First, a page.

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Honorable Mensch-ion

When We Grow Up


Pastor Craig Johnson is the Associate Pastor of Lakewood Church in Houston, Texas and founder of Champions, a special needs ministry dedicated to kids, teens, and adults. After Pastor Johnson’s son Connor was diagnosed with autism, he quickly recognized the unseen special needs population within the faith communities. While the church members complimented him on the wonderful children’s programming offered each Sunday during worship, he also realized the absence of any special needs families.

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Jewish Summer


The Jews are not only a people of the book; they are a people of the calendar. When I explain this to those who are on a journey to Judaism, that each month of the Jewish year has either a commemoration or celebration (sans Cheshvan), I always receive looks of amazement. Yes, we will always find an occasion to laugh or to cry. When looking at the Jewish summer in conjunction with where and what we do as Jews, there is a bit of a contradiction.

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Moving Up


We are a people that moves, never settling in one place. The word teshuva means return, indicating a sedentary lifestyle is not preferred within Judaism. This week, I had attended the Sinai Akiba Academy Moving Up ceremony. The 5th graders were moving up to middle school. Yes, they will be in the same building come September with the same group of friends and even the same teachers, but these were not the same children I taught on Zoom for the last 15 months. And these were not the same children I sang Bib-Bam and Shalom Aleichem with sitting on a pre-school carpet six years ago.

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Mher, A Hero and Loyal Friend


Yesterday, I met a hero. He didn’t call himself a hero. He simply told me, “Rabbi, I am a loyal friend.” His name is Mher, an Armenian-Lebanese-Christian young man who was simply out for sushi with his Jewish friends in Los Angeles last week. What was going to be a quiet night of food and friends turned out to be a night we could never imagine–an anti-Semitic attack on Jews. While others looked on, Mher stepped up, both protecting his Jewish friends, and all the patrons at Sushi Fumi.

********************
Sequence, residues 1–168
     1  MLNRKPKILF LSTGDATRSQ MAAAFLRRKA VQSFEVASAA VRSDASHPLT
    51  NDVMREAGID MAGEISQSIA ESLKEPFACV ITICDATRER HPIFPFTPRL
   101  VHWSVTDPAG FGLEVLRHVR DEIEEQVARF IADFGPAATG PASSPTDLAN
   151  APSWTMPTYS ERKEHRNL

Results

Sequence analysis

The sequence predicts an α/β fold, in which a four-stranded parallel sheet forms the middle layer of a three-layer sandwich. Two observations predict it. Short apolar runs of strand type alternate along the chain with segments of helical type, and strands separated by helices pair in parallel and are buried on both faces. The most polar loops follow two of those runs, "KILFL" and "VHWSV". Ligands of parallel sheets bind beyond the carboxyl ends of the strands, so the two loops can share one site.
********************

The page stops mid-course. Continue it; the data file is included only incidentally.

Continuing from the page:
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Together We Must Stand


In the blessing of the new month, we recite Chaverim Kol Yisrael–May the entire people Israel be united in friendship. We said those words just last week as we brought in the month of Sivan. It is so difficult and must be said that in the last few days, we have witnessed blatant hatred for the State of Israel and for the people of Israel. Social media quickly became the place to hide behind a screen and demonize each other; friends and colleagues “blocked” the “other.”

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Mothers


On Monday night, I will take a red eye to Philadelphia. I have not seen my parents since January of 2020. Yes, we speak on the phone multiple times a day. There are Facetimes and Zooms and What’s App messages at all hours of the day and night, but for almost 15 months, there has been no embrace and no touch.

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Forty Years


Forty is a common number in our tradition. Moses went up the mountain to receive the Torah in forty days. The Jews wandered in the wilderness for forty years. The Talmud teaches, “One does not fully comprehend the knowledge of his teacher before forty years.” We learn in Pirkei Avot that a human being’s full potential of wisdom is reached at age forty. This is portrayed in the affirmative—for when we attain that age, we now obtain wisdom to judge the world accordingly. Forty is both the completion of a level behind and the inauguration of a renewal ahead. Susan Handelman writes, “The moment of emptiness contains the seeds of ascent to a higher level.”

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Small Sparks


Two weeks ago, we re-entered the sanctuary for the first time in over one year. Each time I entered those sacred walls during the pandemic, I often thought, “As much as we miss the Torahs, the Torahs missed us.” As Rabbi Guzik welcomed back our community with an emphatic Shabbat Shalom, it was miraculous to hear the return of Shabbat Shalom back to us; it brought tears to our eyes.

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Small Reminders


My grandfather, Edward Sherman, was from Poland. When he came to the United States, there was confusion as to what his real birthday was in both the year and the date. Some would say April 15th, and others would say April 16th. This discrepancy led us to celebrate Pa’s birthday on BOTH days his entire life until his passing 12 years ago.

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